05/24/2018 | Press release | Distributed by Public on 05/24/2018 07:26
EU needs a blueprint for food and farming, finds new academic report
Brussels, May 24 - the European Union (EU) has no consistent, coherent or complete food policy, finds new research published today. The absence of an overarching framework means that the current food and farming policies are failing to adequately protect public health and the environment, as well as making the farming sector sustainable .
The research , commissioned by the European Public Health Alliance, Friends of the Earth Europe, IFOAM EU and Slow Food, and carried out by the University of Pisa, backs up calls for the EU to develop a coherent policy framework which can bring forward a transition towards a sustainable food and farming system. Plans for a Communication on Sustainable Food, which aimed to go this way, were shelved by the European Commission in 2015. The European Commission is expected to soon launch new plans for its Common Agricultural Policy (CAP) - the EU's biggest single budget item and the main policy governing farming.
Professor Gianluca Brunori of the University of Pisa said: 'We assessed 10 different EU policies to judge how they contributed to a sustainable food and farming system. Available evidence shows that there are many inconsistencies, incoherencies or gaps. These should be addressed through an overarching policy framework, able to balance a mix of demand and supply side policy instruments, as well as food environment-oriented ones. We hope our research contributes to building a more ethical and resilient food system in the EU.'
In this light, the study highlights the following policy weaknesses:
In relation to the reform of the EU's CAP, one of the key policies affecting EU food and farming, the European Public Health Alliance, Friends of the Earth Europe, IFOAM EU and Slow Food recommend:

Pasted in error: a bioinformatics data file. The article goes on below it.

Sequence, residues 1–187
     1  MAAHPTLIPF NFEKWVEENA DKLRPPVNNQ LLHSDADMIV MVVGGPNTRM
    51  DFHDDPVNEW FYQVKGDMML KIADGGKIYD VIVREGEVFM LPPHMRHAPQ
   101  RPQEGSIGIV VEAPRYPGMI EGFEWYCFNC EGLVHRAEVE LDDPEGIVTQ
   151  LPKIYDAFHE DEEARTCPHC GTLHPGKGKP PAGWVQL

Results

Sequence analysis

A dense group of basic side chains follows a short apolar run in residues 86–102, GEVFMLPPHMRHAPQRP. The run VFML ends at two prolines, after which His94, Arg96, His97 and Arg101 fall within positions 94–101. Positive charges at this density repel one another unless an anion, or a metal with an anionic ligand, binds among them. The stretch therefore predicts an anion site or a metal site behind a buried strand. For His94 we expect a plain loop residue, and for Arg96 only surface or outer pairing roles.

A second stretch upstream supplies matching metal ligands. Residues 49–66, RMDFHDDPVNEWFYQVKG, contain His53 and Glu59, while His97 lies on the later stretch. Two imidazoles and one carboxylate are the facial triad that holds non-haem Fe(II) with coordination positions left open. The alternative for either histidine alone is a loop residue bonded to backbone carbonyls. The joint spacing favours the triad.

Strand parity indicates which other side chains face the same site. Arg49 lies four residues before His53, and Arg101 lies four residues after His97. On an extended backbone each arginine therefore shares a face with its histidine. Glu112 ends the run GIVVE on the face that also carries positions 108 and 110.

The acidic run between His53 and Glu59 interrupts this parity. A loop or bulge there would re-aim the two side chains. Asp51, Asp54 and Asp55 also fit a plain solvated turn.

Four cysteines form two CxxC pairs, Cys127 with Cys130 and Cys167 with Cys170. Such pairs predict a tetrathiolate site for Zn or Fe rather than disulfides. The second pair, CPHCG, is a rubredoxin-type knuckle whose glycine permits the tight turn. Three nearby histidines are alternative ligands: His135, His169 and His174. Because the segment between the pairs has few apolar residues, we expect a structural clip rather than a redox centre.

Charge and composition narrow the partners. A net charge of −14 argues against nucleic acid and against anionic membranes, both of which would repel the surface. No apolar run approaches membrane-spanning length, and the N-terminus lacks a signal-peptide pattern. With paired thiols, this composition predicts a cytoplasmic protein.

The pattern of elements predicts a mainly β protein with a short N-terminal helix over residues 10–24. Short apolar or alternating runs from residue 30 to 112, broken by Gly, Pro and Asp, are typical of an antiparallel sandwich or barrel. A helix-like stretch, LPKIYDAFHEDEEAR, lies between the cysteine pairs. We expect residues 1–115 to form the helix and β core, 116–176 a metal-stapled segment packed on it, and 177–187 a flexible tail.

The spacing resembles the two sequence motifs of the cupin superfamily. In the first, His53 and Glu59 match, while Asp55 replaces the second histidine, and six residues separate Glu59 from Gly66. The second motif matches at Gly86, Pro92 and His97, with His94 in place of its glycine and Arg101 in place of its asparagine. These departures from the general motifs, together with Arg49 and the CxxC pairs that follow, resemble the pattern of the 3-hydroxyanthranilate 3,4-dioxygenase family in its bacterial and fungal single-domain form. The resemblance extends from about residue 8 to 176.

EPHA, Friends of the Earth Europe, IFOAM EU and Slow Food said: 'There is an urgent need for the EU to build a sustainable, healthy and resilient food system. The current approach to food and farming is too much of a patchwork of incoherent and competing policies that are not attuned to promoting people's health, the environment and the welfare of the farming community. The reform of the Common Agricultural Policy must be used to step back from vested interests and start building a food system that is fit for the future.'
Slow Food, Anne Marie Matarrese, Communication Officer, [email protected], +32 (0) 28932488
Friends of the Earth Europe, Stanka Becheva, Food & Agriculture Campaigner, [email protected], +32 (0) 2 893 10 25
IFOAM EU, Magdalena Wawrzonkowska, Communications Manager, [email protected], +32 (0)2 416 52 32,
European Public Health Alliance, Nikolai Pushkarev, Policy coordinator, [email protected], +32 (0) 2 233 38 76
 Briefing 'Transition towards sustainable food systems in Europe', http://bit.ly/EUFoodSystemsTransition
 Galli F., Favilli E., D'Amico S., Brunori G. A transition towards sustainable food systems in Europe. Food policy blue print scoping study. Laboratorio di Studi Rurali Sismondi, Pisa, Italy, 2018. ISBN: 9788890896040; http://bit.ly/SustainableFoodSystems
This study comes just before a major participative forum and process organized by the International Panel of Experts on Sustainable Food Systems (IPES Food) focused on exploring concrete tools to deliver sustainable food systems in Europe: www.eu3f.com